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all this O/R stuff...my questions

Vinnie Jenks
Ranch Hand

Joined: Apr 26, 2004
Posts: 207
I'm coming from the .NET world where the closest thing there is to O/R mapping is a big fat XML-based DataSet...which is unique in and of itself...but not quite as cool as what I've been reading about real O/R mapping technologies for Java.

First off, the vast array of choices is staggering and I'm completely unsure where to go from here. I have been using JDBC and "mapping" my own objects manually but we all know how un-maintainable that is.

Anyhow, here are my questions and assumptions, please answer/correct me where necessary? I'm not looking for a flame-war and a bunch of sales pitches based on everyone's favorite technologies. What I really need is a seriously objective look at what I'm asking, please!

1. Hibernate looks cool, can it completely abstract anything I could normally do w/ the SQL languages itself?

2. Can hibernate handle table-joins? It's rather difficult to conceive this, how would it be done if it *is* possible? Can you point me to a *SIMPLE* working code example?

3. How efficient is Hibernate vs. using, say, stored procedures and a DAO/JDBC framework? I know many programmers answer questions like this emotionally and entirely based on preference, damn the consequences. Again, objectivity please. I'm actually quite skilled with RDBMS (sql server, firebird, others...) and am a fan of stored procedures, used apprpriately and if there is a benefit to using them.

4. Do Hibernate and JDO overlap entirely or are there differences? Which is better? Ahem, by better I mean, which is the most proven and highly-used, highly-acclaimed of the two? Which is the most *simple* to work with?

6. Is there a way to auto-generate the descriptor files for my objects based on my database schema w/ either JDO or Hibernate? Can this be done within NetBeans? (Open Source or Freeware only!)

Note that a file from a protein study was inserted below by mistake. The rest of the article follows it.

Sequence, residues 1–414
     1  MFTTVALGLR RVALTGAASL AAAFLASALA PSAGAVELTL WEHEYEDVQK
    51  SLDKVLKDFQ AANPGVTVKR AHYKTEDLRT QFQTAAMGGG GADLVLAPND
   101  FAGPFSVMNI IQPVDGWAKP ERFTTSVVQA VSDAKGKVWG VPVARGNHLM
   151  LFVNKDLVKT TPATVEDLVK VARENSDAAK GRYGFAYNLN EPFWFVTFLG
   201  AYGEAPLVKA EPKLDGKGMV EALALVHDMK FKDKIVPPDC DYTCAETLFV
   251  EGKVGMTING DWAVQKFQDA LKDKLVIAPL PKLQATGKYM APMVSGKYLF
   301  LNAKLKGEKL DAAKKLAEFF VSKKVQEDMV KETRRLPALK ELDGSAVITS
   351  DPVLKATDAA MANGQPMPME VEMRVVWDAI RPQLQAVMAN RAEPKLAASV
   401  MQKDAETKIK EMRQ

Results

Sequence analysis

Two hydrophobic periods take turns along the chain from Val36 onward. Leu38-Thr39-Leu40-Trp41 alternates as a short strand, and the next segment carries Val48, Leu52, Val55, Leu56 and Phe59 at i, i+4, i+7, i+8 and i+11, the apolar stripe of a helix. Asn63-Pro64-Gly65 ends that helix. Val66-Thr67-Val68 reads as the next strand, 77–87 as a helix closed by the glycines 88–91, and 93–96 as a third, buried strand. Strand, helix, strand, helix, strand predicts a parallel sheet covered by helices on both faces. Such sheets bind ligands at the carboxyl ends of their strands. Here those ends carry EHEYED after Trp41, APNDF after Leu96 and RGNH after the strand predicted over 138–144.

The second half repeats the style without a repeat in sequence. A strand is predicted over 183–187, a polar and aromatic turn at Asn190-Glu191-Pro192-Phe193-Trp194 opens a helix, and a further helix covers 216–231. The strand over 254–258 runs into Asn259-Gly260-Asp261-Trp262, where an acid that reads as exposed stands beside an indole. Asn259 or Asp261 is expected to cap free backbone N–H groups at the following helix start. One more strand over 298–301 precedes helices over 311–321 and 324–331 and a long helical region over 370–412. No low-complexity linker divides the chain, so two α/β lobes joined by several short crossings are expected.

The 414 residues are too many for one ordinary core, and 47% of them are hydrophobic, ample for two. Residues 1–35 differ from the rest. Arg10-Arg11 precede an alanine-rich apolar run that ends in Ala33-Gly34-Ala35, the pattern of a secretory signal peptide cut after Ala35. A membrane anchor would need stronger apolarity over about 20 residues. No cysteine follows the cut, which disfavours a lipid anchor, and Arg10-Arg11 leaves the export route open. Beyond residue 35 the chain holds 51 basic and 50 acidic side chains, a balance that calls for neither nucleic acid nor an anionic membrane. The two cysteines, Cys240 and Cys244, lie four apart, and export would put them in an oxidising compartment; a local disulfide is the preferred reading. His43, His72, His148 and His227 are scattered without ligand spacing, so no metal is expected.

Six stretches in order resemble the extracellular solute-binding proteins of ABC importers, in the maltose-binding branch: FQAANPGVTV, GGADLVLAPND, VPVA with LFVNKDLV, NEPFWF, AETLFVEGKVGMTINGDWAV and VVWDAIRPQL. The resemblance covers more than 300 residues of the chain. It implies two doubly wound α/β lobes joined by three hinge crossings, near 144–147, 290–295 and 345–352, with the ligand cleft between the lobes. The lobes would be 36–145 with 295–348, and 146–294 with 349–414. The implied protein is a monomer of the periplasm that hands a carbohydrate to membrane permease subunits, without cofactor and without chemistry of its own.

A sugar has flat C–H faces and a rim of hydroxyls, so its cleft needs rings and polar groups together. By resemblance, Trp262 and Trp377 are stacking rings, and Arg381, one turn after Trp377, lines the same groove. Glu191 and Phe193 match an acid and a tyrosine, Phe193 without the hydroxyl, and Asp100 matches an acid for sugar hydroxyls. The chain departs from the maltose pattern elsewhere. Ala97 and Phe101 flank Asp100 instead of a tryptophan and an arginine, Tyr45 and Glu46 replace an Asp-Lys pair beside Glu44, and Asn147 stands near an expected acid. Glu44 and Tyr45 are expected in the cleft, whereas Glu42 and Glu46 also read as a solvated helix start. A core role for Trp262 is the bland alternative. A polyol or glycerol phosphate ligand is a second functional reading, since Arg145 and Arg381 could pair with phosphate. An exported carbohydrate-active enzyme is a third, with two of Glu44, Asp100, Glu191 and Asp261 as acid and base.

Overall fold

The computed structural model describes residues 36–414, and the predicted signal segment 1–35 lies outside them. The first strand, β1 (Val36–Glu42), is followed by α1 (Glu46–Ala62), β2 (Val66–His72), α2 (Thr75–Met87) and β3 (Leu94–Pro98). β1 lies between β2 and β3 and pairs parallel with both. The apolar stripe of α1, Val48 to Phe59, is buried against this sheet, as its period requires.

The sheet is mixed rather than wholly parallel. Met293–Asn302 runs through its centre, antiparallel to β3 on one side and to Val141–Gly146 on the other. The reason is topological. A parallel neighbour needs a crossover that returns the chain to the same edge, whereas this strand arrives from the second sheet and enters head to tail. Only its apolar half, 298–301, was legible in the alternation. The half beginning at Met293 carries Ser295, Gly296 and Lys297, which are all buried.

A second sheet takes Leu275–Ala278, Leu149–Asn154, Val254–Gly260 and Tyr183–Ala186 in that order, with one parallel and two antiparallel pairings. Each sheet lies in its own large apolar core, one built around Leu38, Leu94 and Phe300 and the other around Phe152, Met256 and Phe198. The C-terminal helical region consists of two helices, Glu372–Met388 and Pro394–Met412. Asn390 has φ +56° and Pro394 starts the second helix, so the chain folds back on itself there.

7. Does Hibernate/JDO integrate with NetBeans at all? (OSS or Freeware only!)

8. Doesn't having to update descriptor xml files and business objects *sort of* cancel out many of the benefits of O/R mapping?

9. Will EJB 3.0 blow the competition out of the water? I have read only small bits about it but it looks promising. I haven't bothered to learn much about EJB in its current state as I am advised not to around every turn!

10. Does Spring overlap with JDO and Hibernate? Spring seems like a jack-of-all-trades and I'm unsure how it would be useful to me, exactly.

I know I may be asking some fairly simple questions but believe me, I've been researching the topic for a few weeks now and am ready to being using one of these technologies in future projects, some small business open source apps I'd like to release next year, if possible.

If anyone can show me some SIMPLE code examples of Hibernate performing some of the common tasks you would normally use SQL for, I'd REALLY appreciate it. I found their documentation to be rather complicated, at first glance, and haven't had much luck finding straight-up, simple code to demonstrate.

I don't want "real-world" code from applications, I know how to write applications, I just need to know the basics to get started. Wimpy, useless code snippets are most appreciated and welcome!

Thanks all, VERY much!

-v